It certainly does seem to be true, that the older we are the more medications we take. Yes, medications are sometimes necessary to treat our diseases. However, more is not necessarily better. And we should be careful about telling each and every doctor that we see about all the medications we take.
This is especially true for seniors with dementia,who due to their disease, are often not able to give an accurate medication list. They are shuttled from doctor to doctor,and often times end up with multiple drugs being prescribed for the same condition or drugs that counteract other drugs.
A recent study in Canada confirmed what has already been suspected: Seniors are being prescribed drugs to treat dementia at the same time that they are taking medications which may make the symptoms of dementia worse.
Medications that help dementia do so by increasing the level of acetylcholine a long hard to spell word which refers to a substance that helps damaged nerves communicate better.
These medications are expensive and have precious little data which show that they make a big difference in dementia. Nevertheless, through clever marketing they are widely prescribed.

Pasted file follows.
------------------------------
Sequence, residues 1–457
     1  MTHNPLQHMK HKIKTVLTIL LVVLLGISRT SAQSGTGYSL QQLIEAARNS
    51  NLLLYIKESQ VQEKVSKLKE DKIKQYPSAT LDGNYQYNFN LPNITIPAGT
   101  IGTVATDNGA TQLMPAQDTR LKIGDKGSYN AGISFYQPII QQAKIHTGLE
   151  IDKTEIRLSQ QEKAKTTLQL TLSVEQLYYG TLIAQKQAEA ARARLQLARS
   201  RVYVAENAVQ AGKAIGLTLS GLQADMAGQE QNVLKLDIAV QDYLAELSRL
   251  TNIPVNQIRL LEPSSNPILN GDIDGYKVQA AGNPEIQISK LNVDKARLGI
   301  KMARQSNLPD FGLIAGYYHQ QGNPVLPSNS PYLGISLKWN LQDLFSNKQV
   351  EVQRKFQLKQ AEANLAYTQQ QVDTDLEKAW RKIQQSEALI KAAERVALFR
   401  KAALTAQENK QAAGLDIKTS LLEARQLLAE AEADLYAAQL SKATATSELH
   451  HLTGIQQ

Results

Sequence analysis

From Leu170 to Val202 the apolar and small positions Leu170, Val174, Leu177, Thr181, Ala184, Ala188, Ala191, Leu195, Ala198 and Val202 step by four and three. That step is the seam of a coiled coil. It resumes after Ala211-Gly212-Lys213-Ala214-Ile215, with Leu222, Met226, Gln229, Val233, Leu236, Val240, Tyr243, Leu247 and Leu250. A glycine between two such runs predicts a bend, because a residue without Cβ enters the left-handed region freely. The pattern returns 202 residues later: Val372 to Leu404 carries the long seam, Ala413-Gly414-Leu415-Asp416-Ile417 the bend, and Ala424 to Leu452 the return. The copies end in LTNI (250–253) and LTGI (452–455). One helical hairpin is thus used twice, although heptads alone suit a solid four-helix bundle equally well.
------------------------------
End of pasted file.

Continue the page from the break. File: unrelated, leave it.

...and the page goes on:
At the same time, providers may prescribe anticholinergics which are used to combat nausea, dizziness and help with sleep. Problem is that this class of drug does exactly the opposite-namely lowers the level of acetylcholine. Guess what? Those same dementia sufferers often have nausea, dizziness and insomnia.
So what results is on the one hand you have expensive, minimally effective medications prescribed for dementia and on the other hand, you have drugs which do exactly the opposite. These not only cancel out each other’s effectiveness, they also can cause significant side effects including death.
What is most important to realize is that the first step should be to let your doctor know all the medications you or you loved one is taking. Then have a serious discussion about which are truly necessary and which can be safely stopped.